Italy’s government is facing a backlash against the latest measures put in place to tackle COVID-19.
In the last 24 hours, thousands of protestors turned out in Italian cities and towns to object to the order for bars and restaurants to shut their doors at 6pm for the next 30 days.
The government wants to try to limit social interaction and contain coronavirus.
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In the northern city of Turin, some demonstrators broke off from a peaceful protest, throwing bottles at police and lighting smoke bombs. Police fired tear gas and used water cannons to disperse people.
The protests reflect growing frustration in Italy which is still reeling economically from the impact of the first wave of COVID-19.
The country was the first western nation to be heavily affected by the virus. The government and population were praised by the World Health Organization for their reaction which helped turn the trajectory of the virus.
A rigorous testing and monitoring system are amongst the measures which worked.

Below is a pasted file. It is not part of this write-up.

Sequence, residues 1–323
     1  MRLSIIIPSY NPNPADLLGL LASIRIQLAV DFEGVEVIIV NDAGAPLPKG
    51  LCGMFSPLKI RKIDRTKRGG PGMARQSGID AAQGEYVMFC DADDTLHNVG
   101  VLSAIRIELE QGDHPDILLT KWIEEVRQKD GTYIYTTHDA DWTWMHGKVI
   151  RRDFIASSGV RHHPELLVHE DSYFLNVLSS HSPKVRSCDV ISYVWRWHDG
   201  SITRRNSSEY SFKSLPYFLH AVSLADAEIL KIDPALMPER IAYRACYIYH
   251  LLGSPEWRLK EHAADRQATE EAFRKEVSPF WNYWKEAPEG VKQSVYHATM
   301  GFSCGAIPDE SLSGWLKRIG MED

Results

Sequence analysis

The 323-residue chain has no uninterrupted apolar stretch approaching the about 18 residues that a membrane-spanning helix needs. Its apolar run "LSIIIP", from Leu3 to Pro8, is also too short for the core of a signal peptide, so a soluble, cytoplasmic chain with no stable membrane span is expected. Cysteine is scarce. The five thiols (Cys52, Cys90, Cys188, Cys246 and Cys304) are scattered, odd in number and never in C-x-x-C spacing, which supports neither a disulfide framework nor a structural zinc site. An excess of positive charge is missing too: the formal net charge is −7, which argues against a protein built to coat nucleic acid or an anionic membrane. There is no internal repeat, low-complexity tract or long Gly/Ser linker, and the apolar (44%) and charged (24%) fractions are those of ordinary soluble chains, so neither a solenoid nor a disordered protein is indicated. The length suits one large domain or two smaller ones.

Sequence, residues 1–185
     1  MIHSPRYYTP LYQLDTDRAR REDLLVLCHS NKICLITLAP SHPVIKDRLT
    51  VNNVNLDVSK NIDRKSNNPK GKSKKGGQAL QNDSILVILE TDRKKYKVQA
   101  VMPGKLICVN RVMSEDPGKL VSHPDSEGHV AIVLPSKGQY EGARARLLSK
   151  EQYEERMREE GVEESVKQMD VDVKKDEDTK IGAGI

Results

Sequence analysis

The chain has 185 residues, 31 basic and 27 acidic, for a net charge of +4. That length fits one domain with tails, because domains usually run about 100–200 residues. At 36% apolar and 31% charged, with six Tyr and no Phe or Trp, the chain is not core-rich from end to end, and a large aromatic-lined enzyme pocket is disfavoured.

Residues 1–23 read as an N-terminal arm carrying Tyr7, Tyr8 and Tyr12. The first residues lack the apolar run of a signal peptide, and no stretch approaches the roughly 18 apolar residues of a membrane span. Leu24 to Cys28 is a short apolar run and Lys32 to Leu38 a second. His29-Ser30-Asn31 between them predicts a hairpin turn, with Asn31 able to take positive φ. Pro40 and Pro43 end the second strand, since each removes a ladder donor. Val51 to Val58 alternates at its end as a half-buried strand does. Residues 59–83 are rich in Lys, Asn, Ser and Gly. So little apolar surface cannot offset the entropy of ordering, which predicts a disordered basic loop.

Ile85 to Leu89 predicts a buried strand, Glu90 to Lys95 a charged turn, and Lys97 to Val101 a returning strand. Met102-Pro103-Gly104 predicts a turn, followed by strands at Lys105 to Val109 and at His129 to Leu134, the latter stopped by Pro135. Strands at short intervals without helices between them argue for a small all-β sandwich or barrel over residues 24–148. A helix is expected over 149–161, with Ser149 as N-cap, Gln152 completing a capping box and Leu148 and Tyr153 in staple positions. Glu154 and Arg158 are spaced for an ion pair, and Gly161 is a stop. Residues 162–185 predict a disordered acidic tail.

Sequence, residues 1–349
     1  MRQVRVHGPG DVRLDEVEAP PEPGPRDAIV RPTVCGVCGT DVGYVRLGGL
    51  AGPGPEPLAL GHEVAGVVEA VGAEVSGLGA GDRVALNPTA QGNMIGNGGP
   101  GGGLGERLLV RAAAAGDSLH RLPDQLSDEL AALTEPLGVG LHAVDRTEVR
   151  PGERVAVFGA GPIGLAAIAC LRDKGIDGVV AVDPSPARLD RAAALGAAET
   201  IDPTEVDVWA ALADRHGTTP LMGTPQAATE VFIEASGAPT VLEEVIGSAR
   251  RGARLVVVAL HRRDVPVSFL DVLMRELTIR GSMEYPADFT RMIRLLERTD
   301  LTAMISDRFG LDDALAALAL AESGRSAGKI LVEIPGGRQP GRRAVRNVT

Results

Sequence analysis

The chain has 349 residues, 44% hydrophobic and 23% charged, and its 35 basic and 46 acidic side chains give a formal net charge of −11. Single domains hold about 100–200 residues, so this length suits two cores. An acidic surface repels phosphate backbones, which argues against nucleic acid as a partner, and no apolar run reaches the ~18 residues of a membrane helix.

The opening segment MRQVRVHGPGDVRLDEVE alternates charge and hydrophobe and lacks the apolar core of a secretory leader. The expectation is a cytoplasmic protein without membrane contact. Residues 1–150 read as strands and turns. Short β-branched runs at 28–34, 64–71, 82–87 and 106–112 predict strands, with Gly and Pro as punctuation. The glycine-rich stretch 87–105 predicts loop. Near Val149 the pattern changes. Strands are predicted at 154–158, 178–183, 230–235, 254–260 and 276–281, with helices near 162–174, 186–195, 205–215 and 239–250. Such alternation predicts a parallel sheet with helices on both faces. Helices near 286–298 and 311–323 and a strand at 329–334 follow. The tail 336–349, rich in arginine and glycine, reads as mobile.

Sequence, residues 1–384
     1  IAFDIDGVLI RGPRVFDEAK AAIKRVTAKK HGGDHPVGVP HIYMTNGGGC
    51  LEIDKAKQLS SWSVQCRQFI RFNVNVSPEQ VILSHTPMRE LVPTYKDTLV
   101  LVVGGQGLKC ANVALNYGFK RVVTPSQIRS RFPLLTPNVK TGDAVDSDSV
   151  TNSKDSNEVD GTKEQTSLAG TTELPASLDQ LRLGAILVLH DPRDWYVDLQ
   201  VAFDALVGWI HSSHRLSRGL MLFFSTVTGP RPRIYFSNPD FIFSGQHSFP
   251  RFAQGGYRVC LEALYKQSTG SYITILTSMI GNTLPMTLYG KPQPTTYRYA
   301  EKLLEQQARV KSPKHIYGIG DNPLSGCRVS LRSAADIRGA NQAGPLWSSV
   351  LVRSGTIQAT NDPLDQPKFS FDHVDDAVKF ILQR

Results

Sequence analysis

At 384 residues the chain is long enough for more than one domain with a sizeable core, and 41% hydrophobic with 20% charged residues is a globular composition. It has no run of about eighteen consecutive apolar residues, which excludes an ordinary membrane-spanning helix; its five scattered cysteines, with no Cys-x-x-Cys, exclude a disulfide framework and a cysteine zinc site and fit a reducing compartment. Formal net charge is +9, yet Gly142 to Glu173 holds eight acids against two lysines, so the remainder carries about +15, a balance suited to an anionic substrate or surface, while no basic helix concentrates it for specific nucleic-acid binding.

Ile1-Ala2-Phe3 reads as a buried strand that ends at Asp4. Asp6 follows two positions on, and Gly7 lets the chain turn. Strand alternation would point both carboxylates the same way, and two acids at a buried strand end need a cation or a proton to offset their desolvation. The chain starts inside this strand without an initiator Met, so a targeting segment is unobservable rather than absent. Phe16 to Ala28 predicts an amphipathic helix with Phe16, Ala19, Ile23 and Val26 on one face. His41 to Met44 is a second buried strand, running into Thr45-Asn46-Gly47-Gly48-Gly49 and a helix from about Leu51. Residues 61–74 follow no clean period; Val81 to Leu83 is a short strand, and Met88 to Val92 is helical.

According to Johns Hopkins University, there have been 542,789 confirmed cases in the country and 37,479 deaths.
But like elsewhere across Europe, Italy’s COVID numbers are rising again and hospitals in Rome are struggling. Long queues of ambulances have been seen outside hospitals in the city for days and ICU units are full or close to capacity.
Along with closing bars early, the government has shut gyms, cinemas, and swimming pools.
Italy has also introduced its own rule of six as part of the measures which came into force on Monday 19 October and are currently scheduled to last until 13 November.
A number of regions, including Lombardy and Piedmont, have also imposed nighttime curfews.
Many small businesses, who were just getting back on their feet, say the new measures could bankrupt them.
Whilst Italians largely complied with restrictions in the spring there is now a real pushback against the latest measures.
Looking to calm tensions the government is due to announce new plans today to support businesses. But there is unlikely to be enough on offer to appease all.
People in Italy are frustrated and whilst protecting lives has to be a priority, the need to protect livelihoods is to a large extent driving the public mood.
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